Review of “Invisible Agent” (1942)

trailer from YouTube

This week’s pizza and bad movie offering is a fair-to-middling black-and-white bit of war propaganda. The wine was yummy, and the pizza was hot. We watched it with Svengoolie.


Mild-mannered Frank Raymond (Jon Hall) is busy minding his print shop when four men barge in. They mention the name “Frank Griffin,”* lock the door, and pull the shades down. The strangers know this is his real name—he was named after his grandfather, the invisible man. Our hero still has some of his grandfather’s invisibility formula around, and they want it. They’re willing to resort to torture and slicing Frank’s fingers off.

At first, Frank accedes, but he fights them off and runs away.

Two of his assailants are SS Gruppenführer Conrad Stauffer (Cedric Hardwicke) and Baron Ikito (Peter Lorre). Lorre is suitably creepy and quietly threatening during the attack. As later becomes clear, he’s meant to portray a Japanese man. Did imperial Japan have barons? On the other hand, it might have been difficult to find Japanese actors to fill the role. Not the smallest obstacle was that at the time the movie was made, Japanese-Americans were being sent to internment camps.

The Allies approach Frank. Apparently, the government has known about him for a while, but they’re gentlemen and request his grandfather’s formula. Frank refuses; there are dangers with the formula. The Allies accept his refusal, albeit with regret.

The news comes the Japanese have bombed Pearl Harbor. Frank is all in. He offers his grandfather’s formula to the military on one condition: he must be the one to use it. Rumors have come that the Nazis plan to attack the United States. Without training, he’ll go behind enemy lines and retrieve the information the Allies need to prevent this attack.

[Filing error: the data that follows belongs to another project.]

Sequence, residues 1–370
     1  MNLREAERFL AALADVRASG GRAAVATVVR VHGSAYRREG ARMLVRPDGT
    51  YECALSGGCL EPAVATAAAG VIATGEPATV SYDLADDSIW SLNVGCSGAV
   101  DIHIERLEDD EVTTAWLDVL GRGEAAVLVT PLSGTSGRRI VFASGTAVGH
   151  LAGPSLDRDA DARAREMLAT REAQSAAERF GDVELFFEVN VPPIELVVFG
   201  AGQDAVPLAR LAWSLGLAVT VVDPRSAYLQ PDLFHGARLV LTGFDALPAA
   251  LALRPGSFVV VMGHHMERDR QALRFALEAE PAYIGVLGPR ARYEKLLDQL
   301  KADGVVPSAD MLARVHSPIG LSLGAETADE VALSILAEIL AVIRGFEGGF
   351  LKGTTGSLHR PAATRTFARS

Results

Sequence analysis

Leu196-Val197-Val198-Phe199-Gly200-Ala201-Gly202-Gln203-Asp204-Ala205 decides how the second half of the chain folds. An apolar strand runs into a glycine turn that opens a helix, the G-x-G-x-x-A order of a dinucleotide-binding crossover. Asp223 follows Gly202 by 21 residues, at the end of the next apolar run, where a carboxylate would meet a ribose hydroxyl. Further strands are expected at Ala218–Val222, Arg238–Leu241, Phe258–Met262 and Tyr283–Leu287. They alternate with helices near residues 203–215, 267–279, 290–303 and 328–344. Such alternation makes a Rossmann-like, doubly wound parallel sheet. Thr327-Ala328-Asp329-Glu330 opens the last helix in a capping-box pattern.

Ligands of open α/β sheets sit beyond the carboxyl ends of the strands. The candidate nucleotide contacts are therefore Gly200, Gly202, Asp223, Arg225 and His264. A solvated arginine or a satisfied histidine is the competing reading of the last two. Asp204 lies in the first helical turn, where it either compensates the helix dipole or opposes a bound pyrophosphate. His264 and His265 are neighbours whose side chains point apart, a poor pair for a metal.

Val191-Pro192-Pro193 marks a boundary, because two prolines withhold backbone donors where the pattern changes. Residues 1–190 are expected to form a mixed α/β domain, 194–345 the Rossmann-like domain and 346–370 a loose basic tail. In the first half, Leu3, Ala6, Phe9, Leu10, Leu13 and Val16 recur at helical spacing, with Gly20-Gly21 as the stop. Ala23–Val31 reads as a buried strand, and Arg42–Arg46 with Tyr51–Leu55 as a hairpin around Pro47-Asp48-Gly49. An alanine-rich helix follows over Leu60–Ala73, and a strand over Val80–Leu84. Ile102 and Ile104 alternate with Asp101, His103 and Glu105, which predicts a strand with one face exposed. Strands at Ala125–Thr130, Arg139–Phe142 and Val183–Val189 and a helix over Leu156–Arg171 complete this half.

This film is part adventure and part comedy. The special effects might not pass muster in 2022, but for 1942, they were pretty good. Frank parachutes (apparently his first jump, too) into enemy territory. His head disappears, and he strips—in the air—so the bad guys can’t see him. Bad guys with swastika armbands take binoculars from their eyes and wipe the lenses, unable to believe what they see.

Reynolds lands on the roof of a barn. When the bad guy Nazis come looking for him, he defeats them by throwing hay on them from the loft and escapes to find a contact in a coffin-maker’s shop, Arnold Schmidt (Albert Basserman). Schmidt directs him to Maria Sorenson (Ilona Massey).

Is it tacky to remind the reader that Reynolds does all this in the buff?

At Maria Sorenson’s, he finds she’s getting ready to host a dinner guest, Gestapo Standartenführer Karl Heiser (J. Edward Bromberg). Reynolds gets a little tipsy. He’s also sweet on Maria and thus decides to ruin dinner, even though Heiser is second-in-command to Gruppenführer Stauffer, one of the guys who roughed him in his shop. Heiser also brags about talking to der Führer and about the big plan to attack the United States. Heiser balks at telling her exactly when, though.